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This question is related to Wifi devices and is of two parts.

I am wondering if one buys a 802.11n conforming station, does it mean that it is able to behave as a 802.11g or 802.11a station if it exisits within 802.11a or g basic service set?

If yes, can someone explain or give me references why?

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  • Did any answer help you? If so, you should accept the answer so that the question doesn't keep popping up forever, looking for an answer. Alternatively, you could provide and accept your own answer. – Ron Maupin Aug 11 '17 at 17:34
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First of all 802.11g is 2.4Ghz only and 802.11a is 5GHz only. If you don't have a dual band client (a+g) it can only connect to g OR a depending on what band your client supports.

802.11n can do both 2.4GHz (gn) and 5GHz (an) depending on your AP.

A 2.4GHz 802.11n (gn) device can always behave as a 802.11g device because the n only means bigger channel width (40MHz) and up to four spatial streams. But it can revert back to using just one spatial stream if there is a 802.11g client.

The same is true for a 5GHz 802.11n (an) device, it can also revert back to fewer streams if needed.

Please have a look at: https://en.wikipedia.org/wiki/IEEE_802.11n-2009

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  • Your answer is a little confusing. 802.11g is 2.4 GHz-only, and 802.11a is 5 GHz-only. A 5 GHz-only AP would not allow an 802.11g device to connect. – Ron Maupin Jul 7 '15 at 15:07
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    Also, N is different signal encoding, not just a wider channel. – Ricky Jul 7 '15 at 20:58
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    Full agreement with Ricky. There are far more improvements in 802.11n than wider channel and more spatial streams. Besides his addition of modulation/encoding, there is MIMO (which is more than just additional spatial streams), frame aggregation, block acks, and so on. – YLearn Jul 7 '15 at 22:12
  • Sure, but are they relevant to the question? – Peter Jul 8 '15 at 6:08
  • Maybe not, but you made the following statement in your answer and it is inaccurate: because the n only means bigger channel width (40MHz) and up to four spatial streams. Although, to be honest, I would probably argue that at least the modulation/encoding is more important to backwards compatibility than spatial streams (and probably 40MHz wide channels, especially in 2.4GHz). Namely because there are plenty of single spatial stream 802.11n devices that never use more than one spatial stream and as such never "go back to using just one spatial stream" for backwards compatibility. – YLearn Jul 9 '15 at 3:05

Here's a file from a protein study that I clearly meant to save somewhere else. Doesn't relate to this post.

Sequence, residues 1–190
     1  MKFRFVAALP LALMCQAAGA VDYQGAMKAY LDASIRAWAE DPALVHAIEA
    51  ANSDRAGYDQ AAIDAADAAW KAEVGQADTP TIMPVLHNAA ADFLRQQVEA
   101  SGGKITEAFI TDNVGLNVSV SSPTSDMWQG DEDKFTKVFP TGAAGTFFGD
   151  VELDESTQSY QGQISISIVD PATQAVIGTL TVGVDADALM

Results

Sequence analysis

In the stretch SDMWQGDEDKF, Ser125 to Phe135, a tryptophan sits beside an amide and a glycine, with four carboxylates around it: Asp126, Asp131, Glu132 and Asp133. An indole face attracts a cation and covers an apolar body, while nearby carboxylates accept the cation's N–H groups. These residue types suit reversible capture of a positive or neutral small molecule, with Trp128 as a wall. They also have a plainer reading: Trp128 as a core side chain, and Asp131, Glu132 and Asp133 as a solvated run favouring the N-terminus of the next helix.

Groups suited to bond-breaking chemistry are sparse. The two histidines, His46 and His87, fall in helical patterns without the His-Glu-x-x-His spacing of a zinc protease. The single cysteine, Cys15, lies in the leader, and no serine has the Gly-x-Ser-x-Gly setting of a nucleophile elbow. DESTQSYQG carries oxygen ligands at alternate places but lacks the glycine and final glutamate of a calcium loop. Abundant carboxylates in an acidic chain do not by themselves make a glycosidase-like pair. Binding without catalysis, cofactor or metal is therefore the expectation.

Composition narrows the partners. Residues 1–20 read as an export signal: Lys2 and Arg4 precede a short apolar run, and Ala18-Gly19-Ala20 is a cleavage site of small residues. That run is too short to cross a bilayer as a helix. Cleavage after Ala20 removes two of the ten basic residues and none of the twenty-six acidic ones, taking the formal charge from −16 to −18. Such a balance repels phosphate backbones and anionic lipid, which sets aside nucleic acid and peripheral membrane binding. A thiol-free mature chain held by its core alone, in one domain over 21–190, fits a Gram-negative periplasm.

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First, to clarify, the 802.11 standards are proposed and maintained by the IEEE, specifically the 802.11 working group.

Wi-Fi is a trademark of the Wi-Fi Alliance which provides a voluntary certification program for devices to be Wi-Fi Certified. Devices do not need to be Wi-Fi Certified to operate as 802.11 devices.

I am wondering if one buys a 802.11n conforming station, does it mean that it is able to behave as a 802.11g or 802.11a station if it exisits within 802.11a or g basic service set?

It should definitely be able to operate in a 802.11g environment as 802.11n requires 2.4GHz support.

However, 802.11a operates in 5GHz and 802.11n made 5GHz support optional, so there are two possibilities:

  • If you have a single band (only supports 2.4GHz) 802.11n client, it would not be able to operate in an 802.11a environment.
  • If you have a dual band (supports both 2.4GHz and 5GHz) 802.11n client, then it would be able to operate in an 802.11a environment.

I will throw out the caveat that some drivers will allow you to specify which band or bands in which a device will operate. So it logically follows that if you have configured your 802.11n dual band device to only operate in 5GHz, it won't be able to operate in an 802.11g environment (and vice versa).

If yes, can someone explain or give me references why?

Technically speaking, when you see something like 802.11g or 802.11n, these are amendments to the main 802.11 standard. They are typically not standards in and of themselves.

Periodically, the IEEE will incorporate these amendments into the main standard as a maintenance release. The current standard is 802.11-2012, which actually started with the 802.11-2007 standard and incorporated 10 additional amendments, including 802.11n.

So, to answer your question as to why, it is because 802.11a, 802.11g, 802.11n and 802.11ac are all amendments to the standard and need to take into account the standard when written/designed. This includes interoperability with previous devices that adhere to the standard.

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In order to be considered Wi-Fi gear, the wireless LAN equipment must pass inspection / testing ensuring backwards compatability with legacy standards. So, when you see the Wi-Fi logo, you know it is backward compatable. More at Certification Benefits.


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  • Thanks for the reference. By backward compatible, you mean an ac device can behave as n device forexample? – Tyrone Jul 7 '15 at 15:27
  • Right. The .ac device can behave as a .n device. – Ronnie Royston Jul 7 '15 at 15:35

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